The U.S. Supreme Court’s Ruling
Chief Justice William Rehnquist wrote the majority opinion that establishes the legal rule of the Cruzan case. Four additional justices joined in this opinion, and four justices dissented. With the exception of Justice Antonin Scalia, all of the justices were willing to agree, for the purpose of this case, that a competent person has a right to refuse life-saving medical treatment. (When judges assume something for the purpose of a case, it means that what they are assuming is not critical to their decision and may be reevaluated in other cases.) Justice Scalia refused to accept this assumption because he believed that this would undermine the state’s authority to forbid suicide.
Both the majority and dissenting opinions accepted that the patient’s intentions should be controlling if they are known. The majority found it proper for Missouri to require these intentions be judged by a standard of clear and convincing evidence, preferably through a living will or durable power of attorney. The dissent found the requirement of such formality to be unconstitutionally burdensome, arguing that the court hearing a termination of life-support case should be bound by the testimony of the patient’s family and friends. Although accepting such informal evidence would seem to ease the resolution of these cases, it conflicts with the general rule disallowing oral testimony:
It is also worth noting that most, if not all, States simply forbid oral testimony entirely in determining the wishes of parties in transactions that, although important, simply do not have the consequences that a decision to terminate a person’s life does. At common law and by statute in most States, the parole evidence rule prevents the variations of the terms of a written contract by oral testimony. The statute of frauds makes unenforceable oral contracts to leave property by will, and statutes regulating the making of wills universally require that those instruments be in writing. [ Cruzan by Cruzan v. Director, Mo. Dept. of Health, 497 U.S. 261 (1990) .]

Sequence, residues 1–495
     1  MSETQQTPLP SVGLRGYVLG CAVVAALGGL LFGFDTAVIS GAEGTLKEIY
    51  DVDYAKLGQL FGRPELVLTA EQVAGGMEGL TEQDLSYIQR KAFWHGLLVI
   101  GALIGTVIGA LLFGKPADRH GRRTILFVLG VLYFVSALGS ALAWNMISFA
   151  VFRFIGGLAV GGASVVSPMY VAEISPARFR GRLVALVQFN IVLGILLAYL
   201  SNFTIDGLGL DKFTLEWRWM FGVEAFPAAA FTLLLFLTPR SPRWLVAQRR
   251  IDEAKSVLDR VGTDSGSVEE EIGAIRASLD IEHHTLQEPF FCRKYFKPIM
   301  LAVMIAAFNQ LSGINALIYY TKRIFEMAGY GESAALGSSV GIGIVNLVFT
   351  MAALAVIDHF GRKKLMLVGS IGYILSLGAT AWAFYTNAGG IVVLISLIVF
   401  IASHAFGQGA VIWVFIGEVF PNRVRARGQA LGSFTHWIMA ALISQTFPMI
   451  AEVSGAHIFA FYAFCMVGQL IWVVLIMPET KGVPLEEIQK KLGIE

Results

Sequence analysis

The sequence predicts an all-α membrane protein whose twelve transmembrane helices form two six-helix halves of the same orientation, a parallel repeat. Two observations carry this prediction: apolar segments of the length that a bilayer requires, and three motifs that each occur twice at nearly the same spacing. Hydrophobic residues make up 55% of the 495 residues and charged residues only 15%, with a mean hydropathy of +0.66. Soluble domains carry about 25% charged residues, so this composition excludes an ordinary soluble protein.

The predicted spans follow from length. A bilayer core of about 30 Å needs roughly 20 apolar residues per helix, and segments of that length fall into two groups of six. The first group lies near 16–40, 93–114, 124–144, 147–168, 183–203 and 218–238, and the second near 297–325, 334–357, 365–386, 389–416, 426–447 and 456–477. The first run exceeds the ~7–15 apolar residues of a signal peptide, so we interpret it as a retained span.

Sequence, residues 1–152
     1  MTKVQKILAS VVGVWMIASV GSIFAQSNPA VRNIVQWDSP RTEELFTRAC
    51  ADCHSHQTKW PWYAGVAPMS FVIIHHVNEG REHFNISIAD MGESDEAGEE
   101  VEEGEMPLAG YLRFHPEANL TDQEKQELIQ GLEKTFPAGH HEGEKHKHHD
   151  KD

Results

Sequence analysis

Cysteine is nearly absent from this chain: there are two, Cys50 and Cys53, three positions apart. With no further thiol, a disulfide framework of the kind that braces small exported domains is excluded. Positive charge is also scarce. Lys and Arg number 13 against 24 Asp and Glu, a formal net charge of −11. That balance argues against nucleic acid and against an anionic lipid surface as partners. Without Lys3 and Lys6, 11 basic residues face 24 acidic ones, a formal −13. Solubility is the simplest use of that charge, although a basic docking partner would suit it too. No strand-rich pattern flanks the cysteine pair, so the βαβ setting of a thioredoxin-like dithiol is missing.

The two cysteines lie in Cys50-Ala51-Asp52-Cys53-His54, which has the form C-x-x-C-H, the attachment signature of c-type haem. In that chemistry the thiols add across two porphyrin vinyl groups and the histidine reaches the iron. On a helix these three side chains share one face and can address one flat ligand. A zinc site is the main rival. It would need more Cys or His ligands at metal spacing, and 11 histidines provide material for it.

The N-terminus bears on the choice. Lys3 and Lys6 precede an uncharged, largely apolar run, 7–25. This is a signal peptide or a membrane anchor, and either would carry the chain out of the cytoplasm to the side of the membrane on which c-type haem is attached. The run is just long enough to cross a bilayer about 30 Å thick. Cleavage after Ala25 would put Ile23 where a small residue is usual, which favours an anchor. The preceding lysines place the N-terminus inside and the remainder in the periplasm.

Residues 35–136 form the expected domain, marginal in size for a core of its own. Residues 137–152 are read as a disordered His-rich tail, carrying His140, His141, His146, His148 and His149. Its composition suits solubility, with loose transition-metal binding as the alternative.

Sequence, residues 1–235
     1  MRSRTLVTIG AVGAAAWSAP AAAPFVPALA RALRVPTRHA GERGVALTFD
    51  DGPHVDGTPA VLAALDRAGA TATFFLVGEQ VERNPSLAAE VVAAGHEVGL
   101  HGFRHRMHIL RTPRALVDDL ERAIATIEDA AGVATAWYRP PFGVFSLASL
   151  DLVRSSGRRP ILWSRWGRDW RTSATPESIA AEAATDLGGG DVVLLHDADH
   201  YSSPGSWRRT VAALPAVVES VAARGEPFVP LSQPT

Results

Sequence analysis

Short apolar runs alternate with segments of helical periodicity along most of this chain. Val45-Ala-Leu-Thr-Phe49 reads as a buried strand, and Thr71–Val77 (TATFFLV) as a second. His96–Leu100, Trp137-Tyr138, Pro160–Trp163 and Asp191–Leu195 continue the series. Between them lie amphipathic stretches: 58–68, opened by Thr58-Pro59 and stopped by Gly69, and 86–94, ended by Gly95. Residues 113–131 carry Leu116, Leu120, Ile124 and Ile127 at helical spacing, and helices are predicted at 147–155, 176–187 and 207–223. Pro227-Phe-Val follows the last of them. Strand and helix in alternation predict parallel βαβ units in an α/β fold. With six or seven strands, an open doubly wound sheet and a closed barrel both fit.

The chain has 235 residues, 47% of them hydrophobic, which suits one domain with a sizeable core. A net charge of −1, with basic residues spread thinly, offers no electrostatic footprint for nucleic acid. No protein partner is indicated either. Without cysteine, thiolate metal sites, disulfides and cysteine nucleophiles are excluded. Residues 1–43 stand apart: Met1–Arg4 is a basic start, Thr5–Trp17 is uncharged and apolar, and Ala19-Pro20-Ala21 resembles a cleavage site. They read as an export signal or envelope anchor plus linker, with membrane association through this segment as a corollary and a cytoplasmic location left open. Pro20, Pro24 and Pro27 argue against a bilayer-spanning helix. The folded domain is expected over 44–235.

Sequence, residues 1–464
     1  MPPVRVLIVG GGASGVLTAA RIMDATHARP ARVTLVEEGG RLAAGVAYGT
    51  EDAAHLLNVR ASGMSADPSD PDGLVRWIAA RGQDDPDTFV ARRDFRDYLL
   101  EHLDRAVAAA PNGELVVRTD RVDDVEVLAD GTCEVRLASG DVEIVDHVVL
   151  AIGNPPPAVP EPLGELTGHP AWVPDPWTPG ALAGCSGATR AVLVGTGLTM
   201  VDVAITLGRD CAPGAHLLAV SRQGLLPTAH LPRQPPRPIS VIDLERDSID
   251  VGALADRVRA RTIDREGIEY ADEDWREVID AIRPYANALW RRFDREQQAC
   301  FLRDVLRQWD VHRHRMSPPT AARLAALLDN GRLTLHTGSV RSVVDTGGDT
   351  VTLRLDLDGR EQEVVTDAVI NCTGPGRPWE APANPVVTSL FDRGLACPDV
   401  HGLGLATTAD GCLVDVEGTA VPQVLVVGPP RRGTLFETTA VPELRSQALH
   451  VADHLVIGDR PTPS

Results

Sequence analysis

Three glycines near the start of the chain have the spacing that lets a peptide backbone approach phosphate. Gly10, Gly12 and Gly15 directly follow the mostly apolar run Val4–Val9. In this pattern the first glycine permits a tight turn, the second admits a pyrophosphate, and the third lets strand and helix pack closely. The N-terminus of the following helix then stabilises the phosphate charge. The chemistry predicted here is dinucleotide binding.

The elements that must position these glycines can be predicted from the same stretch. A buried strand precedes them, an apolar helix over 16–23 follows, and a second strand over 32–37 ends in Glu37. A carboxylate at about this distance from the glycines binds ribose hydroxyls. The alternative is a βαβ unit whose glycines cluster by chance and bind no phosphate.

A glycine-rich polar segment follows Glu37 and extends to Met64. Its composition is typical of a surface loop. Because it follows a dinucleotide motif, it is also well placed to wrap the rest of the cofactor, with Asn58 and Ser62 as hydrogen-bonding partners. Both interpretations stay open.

The states prohibit oral testimony about wills because the person whose intentions are being sought is dead and thus unavailable to contest the testimony. This rule evolved as the courts found determining the wishes of dead people to be an invitation to fraud and family conflict. Given that a patient in a persistent vegetative state, is, for the purpose of contesting testimony, equivalent to a dead person, the majority did not find it unconstitutionally burdensome to require these same protections for termination of life-support decisions.
There is a contentious debate between the majority and dissenting opinions over the use of the clear-and-convincing standard for proving a patient’s wishes. This debate is less important for its own merits than as a surrogate for the fundamental disagreement between the majority and dissenting opinions in Cruzan: Is Nancy Cruzan really dead? Justice Rehnquist’s majority opinion and, more strongly, Justice Scalia’s concurring opinion treat Nancy Cruzan as a living person with liberty interests that are entitled to constitutional protection. The dissenting justices, led by now- retired Justice Brennan, treat Nancy Cruzan as a dead person who has slipped through the cracks in the usual medical tests for death.
The majority opinion specifically rejected a constitutional right of family members to terminate care for patients whose wishes are not known. This ruling is consistent with the Court’s previous cases protecting competent patients from requirements that husbands have a voice in determining their wives’ medical care. The Court ruled that states, through their legislative processes, are empowered to establish guidelines for medical decision making for incompetent patients who have not otherwise properly documented their wishes. This ruling leaves existing state laws in place; Cruzan did not require any changes in established procedures to terminate life support.